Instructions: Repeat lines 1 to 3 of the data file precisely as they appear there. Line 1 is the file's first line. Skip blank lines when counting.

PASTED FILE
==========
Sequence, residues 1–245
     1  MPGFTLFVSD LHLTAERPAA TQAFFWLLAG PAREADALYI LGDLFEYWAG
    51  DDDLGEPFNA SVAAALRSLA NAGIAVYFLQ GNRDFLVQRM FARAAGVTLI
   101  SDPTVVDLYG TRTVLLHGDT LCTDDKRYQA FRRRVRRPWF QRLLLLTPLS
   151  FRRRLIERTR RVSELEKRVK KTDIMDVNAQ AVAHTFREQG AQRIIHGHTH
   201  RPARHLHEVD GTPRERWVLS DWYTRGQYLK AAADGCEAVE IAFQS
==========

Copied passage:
Sequence, residues 1–245
     1  MPGFTLFVSD LHLTAERPAA TQAFFWLLAG PAREADALYI LGDLFEYWAG
    51  DDDLGEPFNA SVAAALRSLA NAGIAVYFLQ GNRDFLVQRM FARAAGVTLI